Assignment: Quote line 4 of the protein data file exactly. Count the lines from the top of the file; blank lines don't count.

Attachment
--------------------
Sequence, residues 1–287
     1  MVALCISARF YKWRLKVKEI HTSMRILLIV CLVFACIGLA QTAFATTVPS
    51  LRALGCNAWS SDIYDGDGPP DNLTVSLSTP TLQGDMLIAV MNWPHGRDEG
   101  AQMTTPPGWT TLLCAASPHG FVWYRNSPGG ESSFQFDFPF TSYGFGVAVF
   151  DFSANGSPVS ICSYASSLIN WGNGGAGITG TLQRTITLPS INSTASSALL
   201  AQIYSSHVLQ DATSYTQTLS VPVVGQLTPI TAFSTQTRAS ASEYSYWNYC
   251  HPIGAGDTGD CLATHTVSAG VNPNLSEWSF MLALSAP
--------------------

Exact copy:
   101  AQMTTPPGWT TLLCAASPHG FVWYRNSPGG ESSFQFDFPF TSYGFGVAVF